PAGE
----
Joe Alterio's blog on illustration, comix, design, animation, and other bouts of total awesomeness.
Tuesday, September 25, 2007
As some of you may remember, I'm part of an online webcomic and mobile comic group, Clickwheel, that hosts some of my comics (about 2/3s of 365, the first few episodes of The Basic Virus, as well as a few comic-casts). A while ago I stopped uploading for a few reasons, namely, that I got a lot of web traffic but little restitution, it had poor marketing, and that process of and design of reading comics was unintuitive, and frankly, kinda lame. I'm happy to report, however, that in subsequent 6 months of furlough, it was bought by 2000 AD and that it is trying to reinvent itself as a destination again, an effort which I heartily applaud.
Part of their effort is (gasp! shock!) actually commissioning exclusive content for Clickwheel. The above panel is part of the second chapter of Colin White's fantastic series "Comics on Small Screens", an experiment of his in which he tries to tell stories by pushing the envelope of how many panels a screen can handle before it stops making sense. Loyal readers of this blog may remember that Colin and I were both invited to South Korea to talk about mobile comics, but Colin couldn't make it: nevertheless, I consider him my (somewhat more talented) brother-in-arms when it comes to trying drum up support and discussion about possibilities of mobile comics. I'm also totally flattered to report I make an unexpected cameo in his new series. Thanks, Colin. Go get it!
My main issue with CW, and one unfortunately that still hasn't been addressed, is
the actual physical process of getting the comics on your phone or iPod. It's tough to be in the tech biz these days: things move so damn fast, what used to be a project about comics on iPods (hence the name, "Clickwheel", already outmoded) has now necessarily turned into a project about comics on iPhones and iTouches. The duct-tape and bubblegum patch that was first initially proposed - just providing customers with JPGs they can download and put onto their mobile device - is unfortunately still around, and feels as caveman as ever. However, I have been assured that a CW reader app is in the works, and with iPhones now having not only wifi capability but WAP push, one has to assume that a smoother process - like just subscribing to your favorite comic and having it show up on your phone every day, a la RSS - is right around the corner. One has to assume. Fingers crossed.
Nevertheless, check out what CW has to offer anyway: its definitely light years ahead of what most other big slow stupid media companies are doing with content, it's cool, it's now more community oriented, and it's run by really nice guys. I'll go back to uploading new work too, and maybe develop something for them: the potential for instant comics to you wherever you are is just too great.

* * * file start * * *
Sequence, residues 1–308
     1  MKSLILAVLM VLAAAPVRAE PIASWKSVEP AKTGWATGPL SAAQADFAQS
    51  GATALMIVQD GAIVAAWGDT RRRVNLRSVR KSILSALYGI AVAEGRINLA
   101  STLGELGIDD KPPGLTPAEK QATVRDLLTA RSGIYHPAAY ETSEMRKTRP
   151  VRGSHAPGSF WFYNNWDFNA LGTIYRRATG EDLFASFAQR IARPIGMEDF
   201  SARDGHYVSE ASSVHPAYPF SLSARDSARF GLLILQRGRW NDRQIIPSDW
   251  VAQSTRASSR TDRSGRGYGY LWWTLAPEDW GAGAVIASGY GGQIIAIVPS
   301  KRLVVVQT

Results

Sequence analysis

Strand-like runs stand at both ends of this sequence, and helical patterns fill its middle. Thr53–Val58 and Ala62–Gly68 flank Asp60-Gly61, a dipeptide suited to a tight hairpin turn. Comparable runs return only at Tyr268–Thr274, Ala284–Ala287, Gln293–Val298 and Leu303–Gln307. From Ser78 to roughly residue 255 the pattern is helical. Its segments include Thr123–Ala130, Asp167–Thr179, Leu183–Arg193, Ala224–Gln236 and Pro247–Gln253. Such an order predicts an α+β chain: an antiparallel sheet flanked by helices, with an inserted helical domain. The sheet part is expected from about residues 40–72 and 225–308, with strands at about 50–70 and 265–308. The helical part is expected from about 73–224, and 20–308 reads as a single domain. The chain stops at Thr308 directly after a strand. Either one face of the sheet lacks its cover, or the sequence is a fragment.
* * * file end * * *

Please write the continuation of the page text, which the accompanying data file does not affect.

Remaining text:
Tuesday, September 18, 2007
I just bought the new DVD of the Fleischer studios Superman series from the 1940s, and to my delight found that they've just been made Public Domain, which means that, in light of all the other locks put onto to seeing work on the web, here's a few precious gems that you don't have worry about be caught about. I could go on and on about how amazing the framing is, that all the backgrounds look like they're shaded with chalk and airbrush, or that even the animation, for a weekly serial, is fantastic. But I don't need to. Just watch them all, and enjoy. Lookee them robots! Wowsa!
Thursday, September 13, 2007
I've discovered my new favorite comix artist: Tom Gould, of London. Check out his whole site, it's all very phenomenal work, as is his client list. He's like a unholy hybrid of Edward Gorey, Steven Beistey, and R. Crumb. Agh...I'm swooning because I love all of it so much. I'm gonna try and get him for Robots And Monsters. Fingers crossed!
Monday, September 10, 2007
Future Systems on London has just won the contract for building the new national library for the Czech Republic, on the strength of their kinda outside-the-box design, picture above. Now, I ain't no prude, but frankly, I'd love to see a return to a little classicism one of these days when it comes to destination building design. What's the matter with dentals and dorics? Having recently lived in a city with a very weird and newsmaking library, I know I'm bucking the trend, but screw it: stuff like this just seems dated immediately out of the gate. Czechs 20 years from now are going to walk past this thing and roll their eyes and say "Ugh, that's SO early 2000s."
Let me just say this: the buildings pictured below also were viewed as "groundbreaking" by some circles at some point in time, too: